By Bobby Tanzilo Senior Editor/Writer Published Jun 26, 2017 at 4:02 PM

If I tell you the Rebel Stage is on the rocks, don’t be worried. It’s not going anywhere. I just mean that the intimate performance space is located along the waterfront, which is, of course, lined with giant boulders.

The spot has long attracted Summerfest-goers looking to spend a bit of time in an environment that’s different than the larger festival.

And that’s just what the Rebel Stage – originally called the Refugee Stage – offers.

While Summerfest celebrates its 50th festival, the most unique stage at the Big Gig is preparing for its 10th year. And it all began in true rebel style, according to a 2015 OnMilwaukee article:

In 2007, McCarthy – who is currently the front man of Whiskey of the Damned – was in a band called Poor J and, after a couple of days busking in front of the Summerfest grounds, the group was promised a gig on the Tiki Stage. The band showed up with its equipment, ready to play, and was informed the time slot was accidentally double booked and it was not going to be able to take the stage.

McCarthy and bandmates were surprised at first, even a little bummed, but decided they were going to play Summerfest regardless, so they wandered the grounds until they found open outlets and plugged in. They played for 10 hours. They returned the next day and every day after without anyone suspecting they weren't hired performers.

On the last day, McCarthy says Vic Thomas, Summerfest's associate entertainment director, approached the band.

"We had no idea who he was, but when I found out, I thought we were going to jail," says McCarthy. "But he wasn't pissed, although he did tell us he could have us arrested for trespassing. Instead, he suggested we give him a call the next spring and see what we could work out."

Thomas and McCarthy met, decided on a path – that included complete artistic control for McCarthy – and have been walking it ever since.

"It's a community of people helping each other out," McCarthy told OnMilwaukee. "It's really incredible. It's people who want to bring something different to Summerfest, and Summerfest allows it. They more than allow it. They've been really great."

Everyone involved with the stage, from performers to sound engineer, is a volunteer. Despite that, the stage gets thousands of submissions each year from artists that want to perform.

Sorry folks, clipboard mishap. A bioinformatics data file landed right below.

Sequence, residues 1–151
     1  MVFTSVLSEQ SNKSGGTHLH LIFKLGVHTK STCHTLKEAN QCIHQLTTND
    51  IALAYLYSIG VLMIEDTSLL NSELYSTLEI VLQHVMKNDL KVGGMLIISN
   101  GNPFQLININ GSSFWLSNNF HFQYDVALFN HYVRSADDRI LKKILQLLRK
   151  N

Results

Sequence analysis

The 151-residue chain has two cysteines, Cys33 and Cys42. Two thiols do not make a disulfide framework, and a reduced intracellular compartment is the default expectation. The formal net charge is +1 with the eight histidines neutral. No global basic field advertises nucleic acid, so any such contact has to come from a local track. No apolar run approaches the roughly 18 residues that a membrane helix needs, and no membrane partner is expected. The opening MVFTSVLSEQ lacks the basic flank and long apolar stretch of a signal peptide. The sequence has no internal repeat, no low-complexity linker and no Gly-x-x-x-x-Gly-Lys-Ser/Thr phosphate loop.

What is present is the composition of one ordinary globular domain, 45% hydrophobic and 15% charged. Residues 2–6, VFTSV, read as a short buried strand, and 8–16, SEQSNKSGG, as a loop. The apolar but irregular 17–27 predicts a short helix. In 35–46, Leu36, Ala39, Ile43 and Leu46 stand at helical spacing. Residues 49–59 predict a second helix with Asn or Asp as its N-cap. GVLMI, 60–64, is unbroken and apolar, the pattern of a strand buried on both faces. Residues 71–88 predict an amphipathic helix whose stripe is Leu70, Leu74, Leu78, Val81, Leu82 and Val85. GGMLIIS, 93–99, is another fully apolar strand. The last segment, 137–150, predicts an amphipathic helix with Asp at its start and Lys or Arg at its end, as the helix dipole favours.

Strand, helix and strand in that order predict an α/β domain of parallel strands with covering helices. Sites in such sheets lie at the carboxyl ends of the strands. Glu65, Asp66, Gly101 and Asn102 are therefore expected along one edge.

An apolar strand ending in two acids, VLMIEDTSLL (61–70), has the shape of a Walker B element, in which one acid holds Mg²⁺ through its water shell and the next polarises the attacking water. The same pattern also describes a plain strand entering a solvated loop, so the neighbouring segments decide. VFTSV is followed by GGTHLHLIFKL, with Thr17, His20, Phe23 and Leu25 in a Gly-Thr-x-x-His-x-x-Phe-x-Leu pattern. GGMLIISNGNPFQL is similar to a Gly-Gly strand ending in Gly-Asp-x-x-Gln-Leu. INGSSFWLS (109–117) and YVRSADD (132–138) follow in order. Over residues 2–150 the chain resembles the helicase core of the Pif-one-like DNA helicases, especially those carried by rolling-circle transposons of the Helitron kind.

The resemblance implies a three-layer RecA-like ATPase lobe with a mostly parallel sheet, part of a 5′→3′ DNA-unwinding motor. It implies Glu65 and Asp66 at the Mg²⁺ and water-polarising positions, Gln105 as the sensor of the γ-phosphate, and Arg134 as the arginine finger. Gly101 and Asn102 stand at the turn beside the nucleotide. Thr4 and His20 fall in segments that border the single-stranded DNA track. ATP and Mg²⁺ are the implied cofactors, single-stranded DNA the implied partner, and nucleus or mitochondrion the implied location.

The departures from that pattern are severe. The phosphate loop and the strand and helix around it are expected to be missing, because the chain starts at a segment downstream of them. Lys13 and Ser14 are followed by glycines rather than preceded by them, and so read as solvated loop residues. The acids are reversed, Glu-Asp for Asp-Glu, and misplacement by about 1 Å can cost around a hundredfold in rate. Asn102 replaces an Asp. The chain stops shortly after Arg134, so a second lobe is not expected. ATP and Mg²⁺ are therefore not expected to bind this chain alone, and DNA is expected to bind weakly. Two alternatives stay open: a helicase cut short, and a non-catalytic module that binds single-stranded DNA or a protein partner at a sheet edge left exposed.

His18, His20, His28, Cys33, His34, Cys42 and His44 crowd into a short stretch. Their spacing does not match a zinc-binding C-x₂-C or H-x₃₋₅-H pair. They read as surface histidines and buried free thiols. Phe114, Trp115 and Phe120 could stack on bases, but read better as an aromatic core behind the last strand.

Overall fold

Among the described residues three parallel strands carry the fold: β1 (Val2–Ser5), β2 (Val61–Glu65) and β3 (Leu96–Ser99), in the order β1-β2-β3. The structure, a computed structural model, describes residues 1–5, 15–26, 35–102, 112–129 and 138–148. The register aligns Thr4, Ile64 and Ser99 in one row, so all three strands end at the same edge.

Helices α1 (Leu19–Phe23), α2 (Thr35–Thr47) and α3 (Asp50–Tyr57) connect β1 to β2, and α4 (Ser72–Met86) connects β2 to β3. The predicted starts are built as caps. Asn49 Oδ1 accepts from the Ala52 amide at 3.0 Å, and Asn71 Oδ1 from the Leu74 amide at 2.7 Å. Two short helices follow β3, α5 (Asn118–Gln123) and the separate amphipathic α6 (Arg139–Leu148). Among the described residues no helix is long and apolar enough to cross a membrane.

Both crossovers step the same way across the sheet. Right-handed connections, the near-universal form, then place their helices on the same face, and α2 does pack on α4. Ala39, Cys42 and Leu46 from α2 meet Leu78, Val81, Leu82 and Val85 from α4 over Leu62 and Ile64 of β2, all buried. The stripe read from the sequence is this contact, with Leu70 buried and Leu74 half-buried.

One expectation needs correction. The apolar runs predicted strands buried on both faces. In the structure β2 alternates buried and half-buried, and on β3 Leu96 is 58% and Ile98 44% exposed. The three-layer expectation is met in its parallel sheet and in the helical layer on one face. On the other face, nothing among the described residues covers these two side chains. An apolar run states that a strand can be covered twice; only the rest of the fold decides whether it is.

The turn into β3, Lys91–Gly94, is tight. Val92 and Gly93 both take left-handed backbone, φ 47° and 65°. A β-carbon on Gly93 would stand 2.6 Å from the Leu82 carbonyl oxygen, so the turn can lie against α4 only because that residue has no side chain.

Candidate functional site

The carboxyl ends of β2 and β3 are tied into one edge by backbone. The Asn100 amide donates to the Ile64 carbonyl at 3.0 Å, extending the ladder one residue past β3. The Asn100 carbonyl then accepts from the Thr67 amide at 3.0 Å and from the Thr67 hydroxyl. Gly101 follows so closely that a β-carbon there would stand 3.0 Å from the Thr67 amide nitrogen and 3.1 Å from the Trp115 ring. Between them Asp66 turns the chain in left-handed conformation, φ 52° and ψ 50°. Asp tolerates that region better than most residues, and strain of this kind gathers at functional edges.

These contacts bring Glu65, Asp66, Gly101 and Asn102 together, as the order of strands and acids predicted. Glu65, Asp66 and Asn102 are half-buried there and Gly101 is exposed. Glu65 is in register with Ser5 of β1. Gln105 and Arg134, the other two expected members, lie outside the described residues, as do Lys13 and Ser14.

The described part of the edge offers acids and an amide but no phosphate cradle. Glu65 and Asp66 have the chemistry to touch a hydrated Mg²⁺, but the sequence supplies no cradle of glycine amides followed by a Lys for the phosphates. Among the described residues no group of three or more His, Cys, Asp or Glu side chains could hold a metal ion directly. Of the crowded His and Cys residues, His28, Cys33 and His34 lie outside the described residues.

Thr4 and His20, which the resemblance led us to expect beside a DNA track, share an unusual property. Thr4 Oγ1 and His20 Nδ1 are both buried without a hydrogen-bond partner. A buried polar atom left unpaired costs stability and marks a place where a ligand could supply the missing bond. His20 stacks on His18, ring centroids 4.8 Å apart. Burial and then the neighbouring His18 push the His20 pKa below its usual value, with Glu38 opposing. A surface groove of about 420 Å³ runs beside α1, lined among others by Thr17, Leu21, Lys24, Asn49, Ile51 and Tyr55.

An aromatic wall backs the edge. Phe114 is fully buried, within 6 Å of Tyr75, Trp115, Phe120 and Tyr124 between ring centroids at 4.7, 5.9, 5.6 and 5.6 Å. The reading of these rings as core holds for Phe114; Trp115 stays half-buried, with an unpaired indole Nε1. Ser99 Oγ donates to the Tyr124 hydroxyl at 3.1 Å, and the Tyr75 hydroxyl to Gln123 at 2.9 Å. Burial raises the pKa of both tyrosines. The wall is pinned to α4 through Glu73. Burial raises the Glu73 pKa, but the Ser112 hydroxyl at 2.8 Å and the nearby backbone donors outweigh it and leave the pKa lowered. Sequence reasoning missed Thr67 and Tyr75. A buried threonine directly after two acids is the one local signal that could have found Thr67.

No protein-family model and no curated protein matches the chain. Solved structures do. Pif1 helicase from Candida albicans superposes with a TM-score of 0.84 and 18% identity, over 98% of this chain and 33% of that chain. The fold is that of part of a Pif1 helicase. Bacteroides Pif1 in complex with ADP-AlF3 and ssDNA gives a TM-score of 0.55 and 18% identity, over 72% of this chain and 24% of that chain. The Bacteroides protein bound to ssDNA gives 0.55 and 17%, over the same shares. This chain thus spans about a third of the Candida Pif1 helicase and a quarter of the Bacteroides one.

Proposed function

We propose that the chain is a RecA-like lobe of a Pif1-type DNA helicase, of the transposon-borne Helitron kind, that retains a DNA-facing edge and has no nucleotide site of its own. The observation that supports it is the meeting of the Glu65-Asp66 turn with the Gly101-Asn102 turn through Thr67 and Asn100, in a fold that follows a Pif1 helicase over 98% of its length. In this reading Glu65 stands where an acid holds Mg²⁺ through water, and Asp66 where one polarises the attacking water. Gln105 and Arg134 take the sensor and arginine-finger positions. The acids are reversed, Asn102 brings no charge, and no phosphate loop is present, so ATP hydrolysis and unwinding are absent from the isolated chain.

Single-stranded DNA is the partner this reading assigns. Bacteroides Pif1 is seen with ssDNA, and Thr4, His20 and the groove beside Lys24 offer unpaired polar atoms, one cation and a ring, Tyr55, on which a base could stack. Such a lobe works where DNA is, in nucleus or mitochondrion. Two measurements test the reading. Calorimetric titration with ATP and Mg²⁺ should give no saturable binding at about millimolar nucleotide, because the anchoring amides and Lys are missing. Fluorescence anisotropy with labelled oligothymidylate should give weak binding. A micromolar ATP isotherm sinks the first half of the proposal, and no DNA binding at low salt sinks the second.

"Rebel Stage is a DIY venue at the largest music festival in the world that focuses on original and independent music of all genres," says Jim Rice, who runs the stage with McCarthy and is its operations manager. "The stage would not be possible without the support and energy from fans, volunteers and local musicians."

Their complete Rebel Stage 10 lineup for Summerfest 50 can be found here.

Bobby Tanzilo Senior Editor/Writer

Born in Brooklyn, N.Y., where he lived until he was 17, Bobby received his BA-Mass Communications from UWM in 1989 and has lived in Walker's Point, Bay View, Enderis Park, South Milwaukee and on the East Side.

He has published three non-fiction books in Italy – including one about an event in Milwaukee history, which was published in the U.S. in autumn 2010. Four more books, all about Milwaukee, have been published by The History Press.

With his most recent band, The Yell Leaders, Bobby released four LPs and had a songs featured in episodes of TV's "Party of Five" and "Dawson's Creek," and films in Japan, South America and the U.S. The Yell Leaders were named the best unsigned band in their region by VH-1 as part of its Rock Across America 1998 Tour. Most recently, the band contributed tracks to a UK vinyl/CD tribute to the Redskins and collaborated on a track with Italian novelist Enrico Remmert.

He's produced three installments of the "OMCD" series of local music compilations for and in 2007 produced a CD of Italian music and poetry.

In 2005, he was awarded the City of Asti's (Italy) Journalism Prize for his work focusing on that area. He has also won awards from the Milwaukee Press Club.

He has be heard on 88Nine Radio Milwaukee talking about his "Urban Spelunking" series of stories, in that station's most popular podcast.